Combat Action Ribbon
Yangtze Service Medal
China Service Medal
American Defense Service Medal with "FLEET" clasp
Asiatic-Pacific Campaign Medal with one battle star
World War II Victory Medal
Philippine Presidential Unit Citation
Philippine Defense Medal
On 7 December 1941, Canopus, aging but able, lay at Cavite Navy Yard, as tender to Submarine Squadron 20. In the days that followed, her men worked day and night to repair ships damaged in the daily air raids as well as to keep her brood of submarines at sea. With the Army falling back on Manila, Canopus sailed to Mariveles Bay at the tip of Bataan on Christmas Day. On 29 December 1941 she received her first direct bomb hit. A 500-pound armor-piercing bomb penetrated all decks and exploded on the propeller shaft housing. Six sailors were killed mostly from scalding and fires started in the engine rooms and magazines. The six men were buried at sea at 1735 hours in Mariveles Bay at the tip of Bataan. On 1 January 1942 she received a second direct bomb hit. This time a fragmentation bomb which exploded near the top of the towering smokestack resulting in substantial damage to the ship and injuries to 16 men of the gun crews.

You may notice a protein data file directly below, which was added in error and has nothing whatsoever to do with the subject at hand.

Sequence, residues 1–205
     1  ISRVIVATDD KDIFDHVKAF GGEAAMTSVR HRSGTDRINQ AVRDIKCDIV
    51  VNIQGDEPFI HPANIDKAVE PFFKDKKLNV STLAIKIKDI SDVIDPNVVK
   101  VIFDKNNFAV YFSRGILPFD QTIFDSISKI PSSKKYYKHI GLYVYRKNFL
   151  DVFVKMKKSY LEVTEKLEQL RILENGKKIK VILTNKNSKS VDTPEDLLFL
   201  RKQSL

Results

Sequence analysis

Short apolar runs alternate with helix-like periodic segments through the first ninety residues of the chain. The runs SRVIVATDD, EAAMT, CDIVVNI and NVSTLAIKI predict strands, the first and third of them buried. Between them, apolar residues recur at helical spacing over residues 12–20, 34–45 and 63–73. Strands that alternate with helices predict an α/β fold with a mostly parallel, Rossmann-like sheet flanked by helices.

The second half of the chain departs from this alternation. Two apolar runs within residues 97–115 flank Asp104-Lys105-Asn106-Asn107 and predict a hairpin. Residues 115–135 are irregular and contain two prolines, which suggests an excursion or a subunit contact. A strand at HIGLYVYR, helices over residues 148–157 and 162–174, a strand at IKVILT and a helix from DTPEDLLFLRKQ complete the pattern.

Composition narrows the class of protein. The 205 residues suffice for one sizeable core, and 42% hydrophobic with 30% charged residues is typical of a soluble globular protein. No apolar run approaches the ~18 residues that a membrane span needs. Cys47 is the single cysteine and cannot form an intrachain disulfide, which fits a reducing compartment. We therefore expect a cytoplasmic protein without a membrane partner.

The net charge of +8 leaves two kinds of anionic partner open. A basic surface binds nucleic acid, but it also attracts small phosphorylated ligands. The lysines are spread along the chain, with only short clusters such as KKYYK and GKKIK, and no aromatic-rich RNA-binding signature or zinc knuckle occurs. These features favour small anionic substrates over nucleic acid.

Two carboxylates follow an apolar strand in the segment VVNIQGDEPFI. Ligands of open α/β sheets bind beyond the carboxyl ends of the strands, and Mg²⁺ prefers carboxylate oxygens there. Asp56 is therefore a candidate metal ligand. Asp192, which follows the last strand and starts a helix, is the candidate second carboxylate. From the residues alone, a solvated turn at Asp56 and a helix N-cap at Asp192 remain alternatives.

Disguised as a bombed out, listing, abandoned hulk, smoke pots were placed around the ship and giving the appearance of an abandoned hulk by day, while the ship hummed with activity by night. Her crew worked at a fevered pace repairing the smaller ships also left behind and keeping the submarines in action.
Just before the New Year, the last of the submarines left Canopus, but she never quit as she cared for small craft and equipment of the Army and Navy, sent her men into battle in the improvised naval battalion which fought on Bataan, and converted her own launches into miniature gunboats dubbed Mickey Mouse Battleships which attacked the Japanese moving south near the shore. But the overwhelming Japanese strength could not be held off forever, and upon the surrender of Bataan on the night of 8–9 April 1942, Canopus was ordered scuttled in Mariveles Bay, Bataan, to deny her use to the enemy. On 9 April, she was backed off into deep water under her own power and the veteran whom the Japanese could not sink ended a lifetime of service to the Navy when she was laid to rest by her own men.
221 of her crewmen were evacuated to Corregidor on 28 February 1942 and served with the Marines 1st, 2nd, and 3rd Battalions on beach defenses. The final 327 crewmen were also evacuated to Corregidor and served in the 4th Marine Regiment's 4th Battalion Reserves (Provisional) which fought gallantly during the final battle for the island fortress. Nearly all Canopus crewmen were captured at the fall of Corregidor and spent the rest of the war in Japanese POW Camps in the Philippines and the Asian mainland.